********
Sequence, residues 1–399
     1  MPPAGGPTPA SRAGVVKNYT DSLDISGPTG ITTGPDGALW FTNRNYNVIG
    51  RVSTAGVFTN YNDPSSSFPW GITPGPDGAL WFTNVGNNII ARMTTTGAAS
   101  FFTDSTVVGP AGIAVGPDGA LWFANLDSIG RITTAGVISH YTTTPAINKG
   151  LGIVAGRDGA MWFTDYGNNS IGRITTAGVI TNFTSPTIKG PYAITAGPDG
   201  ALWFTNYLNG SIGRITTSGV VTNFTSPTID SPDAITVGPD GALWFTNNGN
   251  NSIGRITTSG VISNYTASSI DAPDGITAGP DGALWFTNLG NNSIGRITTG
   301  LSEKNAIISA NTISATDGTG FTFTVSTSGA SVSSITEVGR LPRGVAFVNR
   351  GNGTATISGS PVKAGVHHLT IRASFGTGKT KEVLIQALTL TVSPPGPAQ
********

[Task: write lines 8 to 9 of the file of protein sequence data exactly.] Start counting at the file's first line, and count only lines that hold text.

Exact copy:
   301  LSEKNAIISA NTISATDGTG FTFTVSTSGA SVSSITEVGR LPRGVAFVNR
   351  GNGTATISGS PVKAGVHHLT IRASFGTGKT KEVLIQALTL TVSPPGPAQ